The Phantine Air Corps are pretty clearly based on the US Army Air Corps during World War II, which is when you should have looked back to when you were "evaluating" my statement about kill-counts and fighter pilots, or you could have looked back less and looked at Korea, or Viet Nam, or the Falklands, etc... In other words, wars in which aerial warfare actually played a reasonably significant part.

What a strange thing to say.

Airpower played a major role in nearly every major conflict since 1945. And the Kosovo campaign was exclusively an air campaign (other than perhaps sectret Spec Ops we have no idea about). Except the USA developed a little thing called air superiority which made the opponent's airforce obsolete.

F-15 air superiority fighter + E-3 AWACS + F-16/EA-6B SEAD aircraft + plethora of other space, air and land based C3/ECM/ELINT/SIGINT = no point in even sending your MiGs and Sukhois into the air because they are dead already.




I think you're still judging the Black Library based on the outdated 2nd Edition "A whole regiment of Imperial Guard fights a heroic and utterly hopeless battle until a squad of Space Marines shows up to save the day for the handful of survivors" fluff instead of the "Hey, the Imperial Guard are actually pretty badass in their own right" 3rd and 4th Edition fluff.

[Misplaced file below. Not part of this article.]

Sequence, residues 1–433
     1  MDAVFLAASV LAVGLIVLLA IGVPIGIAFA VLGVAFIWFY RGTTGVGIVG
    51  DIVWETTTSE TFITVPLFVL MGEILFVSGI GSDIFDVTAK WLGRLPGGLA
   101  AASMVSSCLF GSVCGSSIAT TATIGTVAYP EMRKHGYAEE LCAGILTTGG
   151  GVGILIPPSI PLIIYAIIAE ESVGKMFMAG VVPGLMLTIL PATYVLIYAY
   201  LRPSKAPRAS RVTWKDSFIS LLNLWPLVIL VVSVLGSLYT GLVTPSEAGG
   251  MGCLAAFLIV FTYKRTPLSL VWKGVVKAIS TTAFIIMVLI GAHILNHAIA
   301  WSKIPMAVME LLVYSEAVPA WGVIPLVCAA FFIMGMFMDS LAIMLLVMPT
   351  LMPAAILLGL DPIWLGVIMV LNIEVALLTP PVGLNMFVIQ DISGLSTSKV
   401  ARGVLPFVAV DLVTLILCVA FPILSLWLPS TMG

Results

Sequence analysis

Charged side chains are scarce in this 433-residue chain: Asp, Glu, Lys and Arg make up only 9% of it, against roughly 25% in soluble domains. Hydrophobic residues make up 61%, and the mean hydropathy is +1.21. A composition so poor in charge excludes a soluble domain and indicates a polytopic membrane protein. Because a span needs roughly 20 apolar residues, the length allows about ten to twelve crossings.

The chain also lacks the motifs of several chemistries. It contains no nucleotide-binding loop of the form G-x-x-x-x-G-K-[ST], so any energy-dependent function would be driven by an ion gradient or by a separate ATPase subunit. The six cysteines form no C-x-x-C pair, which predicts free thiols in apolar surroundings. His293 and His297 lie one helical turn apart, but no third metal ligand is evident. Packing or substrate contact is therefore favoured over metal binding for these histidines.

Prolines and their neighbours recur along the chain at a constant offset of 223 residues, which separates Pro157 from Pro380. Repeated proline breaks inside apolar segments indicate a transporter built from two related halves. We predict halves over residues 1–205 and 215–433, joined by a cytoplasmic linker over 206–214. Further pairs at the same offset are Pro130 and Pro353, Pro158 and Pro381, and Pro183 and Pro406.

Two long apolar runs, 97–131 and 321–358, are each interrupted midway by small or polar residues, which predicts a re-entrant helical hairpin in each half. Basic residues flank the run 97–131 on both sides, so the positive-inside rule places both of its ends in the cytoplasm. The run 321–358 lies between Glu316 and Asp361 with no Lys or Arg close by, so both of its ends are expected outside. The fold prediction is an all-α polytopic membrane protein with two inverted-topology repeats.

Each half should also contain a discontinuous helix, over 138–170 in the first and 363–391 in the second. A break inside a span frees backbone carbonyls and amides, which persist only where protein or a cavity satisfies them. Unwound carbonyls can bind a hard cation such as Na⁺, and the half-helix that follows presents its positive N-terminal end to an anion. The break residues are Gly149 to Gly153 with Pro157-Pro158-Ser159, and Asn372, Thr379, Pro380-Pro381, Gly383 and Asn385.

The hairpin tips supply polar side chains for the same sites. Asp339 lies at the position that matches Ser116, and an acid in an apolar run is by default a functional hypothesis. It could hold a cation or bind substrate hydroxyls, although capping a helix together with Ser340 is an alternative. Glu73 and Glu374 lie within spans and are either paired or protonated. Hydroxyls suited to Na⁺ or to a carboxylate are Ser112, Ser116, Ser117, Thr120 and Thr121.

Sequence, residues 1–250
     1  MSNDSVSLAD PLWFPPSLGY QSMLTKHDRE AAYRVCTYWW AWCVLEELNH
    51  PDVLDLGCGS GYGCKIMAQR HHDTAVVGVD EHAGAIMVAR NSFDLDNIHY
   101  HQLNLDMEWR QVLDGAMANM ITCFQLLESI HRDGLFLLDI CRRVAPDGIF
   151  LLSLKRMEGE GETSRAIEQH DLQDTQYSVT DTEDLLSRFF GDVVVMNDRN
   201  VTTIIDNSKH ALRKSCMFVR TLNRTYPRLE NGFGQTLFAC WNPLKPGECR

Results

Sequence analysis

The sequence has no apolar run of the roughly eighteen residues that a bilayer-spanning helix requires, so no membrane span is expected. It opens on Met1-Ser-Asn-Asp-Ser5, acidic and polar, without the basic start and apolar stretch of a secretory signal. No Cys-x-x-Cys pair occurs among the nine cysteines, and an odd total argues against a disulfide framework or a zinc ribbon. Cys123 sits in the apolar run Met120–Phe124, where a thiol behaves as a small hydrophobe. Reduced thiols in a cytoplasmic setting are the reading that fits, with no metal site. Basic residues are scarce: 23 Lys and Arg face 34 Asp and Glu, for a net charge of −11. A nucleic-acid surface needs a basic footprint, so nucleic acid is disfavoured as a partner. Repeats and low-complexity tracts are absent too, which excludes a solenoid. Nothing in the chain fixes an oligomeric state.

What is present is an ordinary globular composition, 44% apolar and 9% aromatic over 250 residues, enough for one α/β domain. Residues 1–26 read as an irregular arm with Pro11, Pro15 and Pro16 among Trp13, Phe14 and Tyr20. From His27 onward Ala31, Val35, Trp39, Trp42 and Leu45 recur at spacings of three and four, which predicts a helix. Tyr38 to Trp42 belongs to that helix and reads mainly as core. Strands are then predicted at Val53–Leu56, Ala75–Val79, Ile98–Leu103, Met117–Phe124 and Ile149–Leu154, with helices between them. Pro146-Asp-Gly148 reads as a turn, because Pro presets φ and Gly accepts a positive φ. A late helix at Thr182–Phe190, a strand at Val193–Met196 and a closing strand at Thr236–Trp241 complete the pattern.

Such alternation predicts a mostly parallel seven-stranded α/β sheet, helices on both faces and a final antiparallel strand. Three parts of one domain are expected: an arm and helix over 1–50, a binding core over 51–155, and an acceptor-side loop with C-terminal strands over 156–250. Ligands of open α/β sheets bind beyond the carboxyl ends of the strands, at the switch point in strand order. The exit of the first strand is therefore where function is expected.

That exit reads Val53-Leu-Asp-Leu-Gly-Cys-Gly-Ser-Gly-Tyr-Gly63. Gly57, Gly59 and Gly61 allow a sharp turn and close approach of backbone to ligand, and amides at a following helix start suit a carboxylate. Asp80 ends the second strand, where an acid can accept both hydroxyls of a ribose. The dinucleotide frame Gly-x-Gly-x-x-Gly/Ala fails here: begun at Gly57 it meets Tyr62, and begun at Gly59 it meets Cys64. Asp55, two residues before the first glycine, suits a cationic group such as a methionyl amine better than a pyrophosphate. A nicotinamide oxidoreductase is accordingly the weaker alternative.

The modern fluff is slowly turning the Imperium in a P.C. Anglo-American friendly place. In the old days Marines didn't care about civilians. Now you have Chapters such as the Salamanders being super caring about civilians. Chaos is now an idiotic "we are evil with spiky bits" thing while everything else has become a single minded killing machine (Nids - not much mention of the Hive Mind, Orks - idiotic brutal beasts who don't even have weapons that work (they work psychically)). The Ad Mech are now super scientists who generally understand things and are not so religious. The Eccelsiarchy and the Inquisition have become chums down to the point that SoB are the armed forces of ones of the Ordos. Heck the Skitarrii have even be relabelled as Tech Guard!